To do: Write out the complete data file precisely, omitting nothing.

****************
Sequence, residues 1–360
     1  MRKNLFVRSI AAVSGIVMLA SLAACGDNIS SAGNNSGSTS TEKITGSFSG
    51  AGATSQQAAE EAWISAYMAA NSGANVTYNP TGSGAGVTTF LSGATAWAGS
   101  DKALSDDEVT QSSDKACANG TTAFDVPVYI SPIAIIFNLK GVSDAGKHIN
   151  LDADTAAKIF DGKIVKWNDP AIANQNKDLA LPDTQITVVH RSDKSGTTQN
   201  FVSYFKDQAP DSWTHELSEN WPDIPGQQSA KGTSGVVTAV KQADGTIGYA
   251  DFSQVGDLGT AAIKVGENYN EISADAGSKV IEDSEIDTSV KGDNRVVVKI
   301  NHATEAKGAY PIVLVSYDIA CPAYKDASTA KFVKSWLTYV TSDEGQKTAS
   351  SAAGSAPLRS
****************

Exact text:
Sequence, residues 1–360
     1  MRKNLFVRSI AAVSGIVMLA SLAACGDNIS SAGNNSGSTS TEKITGSFSG
    51  AGATSQQAAE EAWISAYMAA NSGANVTYNP TGSGAGVTTF LSGATAWAGS
   101  DKALSDDEVT QSSDKACANG TTAFDVPVYI SPIAIIFNLK GVSDAGKHIN
   151  LDADTAAKIF DGKIVKWNDP AIANQNKDLA LPDTQITVVH RSDKSGTTQN
   201  FVSYFKDQAP DSWTHELSEN WPDIPGQQSA KGTSGVVTAV KQADGTIGYA
   251  DFSQVGDLGT AAIKVGENYN EISADAGSKV IEDSEIDTSV KGDNRVVVKI
   301  NHATEAKGAY PIVLVSYDIA CPAYKDASTA KFVKSWLTYV TSDEGQKTAS
   351  SAAGSAPLRS